Reading Tip: 'The Twenty-Year Death'

I really should have mentioned this in time for the long, book-reading-friendly "festive" period stretching from Thanksgiving to the New Year holidays, but, hey, I was reading the book myself then. And Inauguration Day, MLK Day, Chinese New Year, etc are still ahead, and it's still summer reading period in Australia. So:

If you're looking for a good, lengthy, high-end-diversion read, let me suggest The Twenty-Year Death, by Ariel S. Winter. Cover shown at right, when I was reading the book at Thanksgiving time. This is part of the "Hard Case Crime" series that I've discussed over the years, for instance here back in 2008  and here about a year ago. The series is a combination of resurrected noir classics, with 1950s-and-earlier cover art, and original works.

Twenty-year is in the brand-new category, and is quite a tour de force. It is long because it is actually three novels, with an overlapping set of characters. The first is in the style of Georges Simenon; the second, Raymond Chandler; and the third, the immortal (and amoral*) Jim Thompson. The Simenon story is set in France in 1931, and the Chandler and Thompson episodes in greater L.A., in 1941 and 1951 respectively. For my taste, Winter's evocation of each writer's stye and sensibility becomes steadily more effective as the book goes on, so that by the end the Thompson section could fit right along such bleak classics as The Killer Inside Me. If you're in the mood for this kind of thing, this is the thing to read.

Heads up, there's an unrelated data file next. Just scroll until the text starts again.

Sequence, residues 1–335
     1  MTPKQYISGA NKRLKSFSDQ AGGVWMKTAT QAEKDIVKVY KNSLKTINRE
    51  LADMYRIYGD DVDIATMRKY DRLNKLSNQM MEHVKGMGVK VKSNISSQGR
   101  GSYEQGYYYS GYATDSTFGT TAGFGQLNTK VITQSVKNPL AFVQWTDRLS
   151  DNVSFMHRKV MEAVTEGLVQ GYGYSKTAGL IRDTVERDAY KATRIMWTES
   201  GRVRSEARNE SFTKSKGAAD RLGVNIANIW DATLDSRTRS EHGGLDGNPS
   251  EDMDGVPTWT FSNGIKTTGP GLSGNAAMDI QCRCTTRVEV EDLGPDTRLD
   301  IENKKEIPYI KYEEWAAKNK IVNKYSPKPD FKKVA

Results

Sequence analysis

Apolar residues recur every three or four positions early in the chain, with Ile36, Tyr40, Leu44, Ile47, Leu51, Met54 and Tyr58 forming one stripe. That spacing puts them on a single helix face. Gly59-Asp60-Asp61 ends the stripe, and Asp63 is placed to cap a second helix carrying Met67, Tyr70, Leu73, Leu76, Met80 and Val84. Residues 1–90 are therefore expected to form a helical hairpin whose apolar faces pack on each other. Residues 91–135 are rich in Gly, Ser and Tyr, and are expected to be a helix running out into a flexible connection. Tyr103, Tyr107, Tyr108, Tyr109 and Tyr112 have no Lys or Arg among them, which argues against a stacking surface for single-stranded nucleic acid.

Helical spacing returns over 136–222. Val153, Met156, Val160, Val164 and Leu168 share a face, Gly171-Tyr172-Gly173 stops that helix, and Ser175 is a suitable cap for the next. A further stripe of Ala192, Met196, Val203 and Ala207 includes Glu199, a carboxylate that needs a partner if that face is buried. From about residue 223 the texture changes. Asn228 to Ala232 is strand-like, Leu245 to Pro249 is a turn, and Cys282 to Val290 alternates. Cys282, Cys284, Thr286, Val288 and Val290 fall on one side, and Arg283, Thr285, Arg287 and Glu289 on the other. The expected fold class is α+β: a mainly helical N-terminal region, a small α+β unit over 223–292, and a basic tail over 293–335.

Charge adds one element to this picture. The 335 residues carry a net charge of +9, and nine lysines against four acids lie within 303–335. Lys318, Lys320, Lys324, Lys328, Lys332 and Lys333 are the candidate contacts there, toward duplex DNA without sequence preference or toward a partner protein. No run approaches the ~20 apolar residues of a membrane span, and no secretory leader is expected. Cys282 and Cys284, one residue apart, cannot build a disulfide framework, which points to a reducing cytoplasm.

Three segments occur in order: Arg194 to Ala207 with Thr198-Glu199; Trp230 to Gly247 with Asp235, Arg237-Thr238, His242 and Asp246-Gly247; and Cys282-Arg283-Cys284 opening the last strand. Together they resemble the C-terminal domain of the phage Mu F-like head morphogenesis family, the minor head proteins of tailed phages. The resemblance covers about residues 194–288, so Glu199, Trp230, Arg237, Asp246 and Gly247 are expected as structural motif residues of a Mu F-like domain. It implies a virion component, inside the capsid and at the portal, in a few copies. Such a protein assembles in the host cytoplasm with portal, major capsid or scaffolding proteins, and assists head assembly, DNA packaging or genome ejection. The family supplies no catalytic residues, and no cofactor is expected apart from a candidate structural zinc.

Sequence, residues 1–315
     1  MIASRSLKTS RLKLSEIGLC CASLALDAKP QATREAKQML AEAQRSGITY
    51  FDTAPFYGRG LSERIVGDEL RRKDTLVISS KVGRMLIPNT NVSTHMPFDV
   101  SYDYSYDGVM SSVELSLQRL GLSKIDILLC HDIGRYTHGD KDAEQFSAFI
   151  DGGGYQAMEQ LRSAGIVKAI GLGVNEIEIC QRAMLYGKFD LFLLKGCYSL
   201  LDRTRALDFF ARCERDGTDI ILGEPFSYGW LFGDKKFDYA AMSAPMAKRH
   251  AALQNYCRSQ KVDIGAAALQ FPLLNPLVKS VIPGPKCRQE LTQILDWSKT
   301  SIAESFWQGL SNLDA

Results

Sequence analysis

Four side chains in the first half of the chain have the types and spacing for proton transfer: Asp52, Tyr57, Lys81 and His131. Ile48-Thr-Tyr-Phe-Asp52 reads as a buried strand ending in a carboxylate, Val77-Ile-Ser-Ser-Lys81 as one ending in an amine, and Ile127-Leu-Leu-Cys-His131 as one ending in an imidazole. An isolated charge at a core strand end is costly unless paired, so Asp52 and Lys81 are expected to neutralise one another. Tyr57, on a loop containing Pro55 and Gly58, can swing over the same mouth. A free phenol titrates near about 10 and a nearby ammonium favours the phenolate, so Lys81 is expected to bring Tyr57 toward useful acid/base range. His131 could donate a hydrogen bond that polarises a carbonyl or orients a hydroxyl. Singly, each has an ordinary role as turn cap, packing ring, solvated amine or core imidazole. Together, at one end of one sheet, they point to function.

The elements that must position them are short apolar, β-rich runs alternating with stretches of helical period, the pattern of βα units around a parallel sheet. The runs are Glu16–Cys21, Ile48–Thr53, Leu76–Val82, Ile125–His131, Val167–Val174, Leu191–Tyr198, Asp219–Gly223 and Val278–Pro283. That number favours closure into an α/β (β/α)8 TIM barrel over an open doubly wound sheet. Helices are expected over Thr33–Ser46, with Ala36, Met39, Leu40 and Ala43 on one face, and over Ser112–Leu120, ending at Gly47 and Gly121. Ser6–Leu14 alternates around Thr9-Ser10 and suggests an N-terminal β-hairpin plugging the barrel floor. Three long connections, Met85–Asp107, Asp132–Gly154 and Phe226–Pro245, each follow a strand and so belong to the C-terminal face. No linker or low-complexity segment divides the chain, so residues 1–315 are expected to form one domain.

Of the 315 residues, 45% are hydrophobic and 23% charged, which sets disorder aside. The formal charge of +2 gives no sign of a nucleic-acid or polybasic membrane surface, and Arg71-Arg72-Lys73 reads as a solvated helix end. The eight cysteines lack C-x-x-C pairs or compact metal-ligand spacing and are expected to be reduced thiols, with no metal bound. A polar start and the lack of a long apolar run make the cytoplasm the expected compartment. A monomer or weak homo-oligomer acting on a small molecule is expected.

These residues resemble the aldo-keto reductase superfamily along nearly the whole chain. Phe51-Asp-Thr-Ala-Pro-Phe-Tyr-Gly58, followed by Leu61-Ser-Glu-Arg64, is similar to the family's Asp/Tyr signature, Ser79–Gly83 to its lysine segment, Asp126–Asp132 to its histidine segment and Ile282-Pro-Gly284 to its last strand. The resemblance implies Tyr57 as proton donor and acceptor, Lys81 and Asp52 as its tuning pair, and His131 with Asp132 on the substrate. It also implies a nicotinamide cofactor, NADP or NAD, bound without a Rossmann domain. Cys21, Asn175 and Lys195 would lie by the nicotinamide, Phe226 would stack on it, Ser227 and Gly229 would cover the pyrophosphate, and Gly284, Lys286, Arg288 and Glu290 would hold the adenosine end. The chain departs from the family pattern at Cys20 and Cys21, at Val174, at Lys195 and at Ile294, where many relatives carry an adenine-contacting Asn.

This is Winter's first novel. Keep writing!
* For later discussion: Why I am drawn to the noir writers who portray amoral-and-worse characters from the inside, ranging from Thompson to Patricia Highsmith to Gillian Flynn of Gone Girl. Hmm, maybe this is a question I should not ask.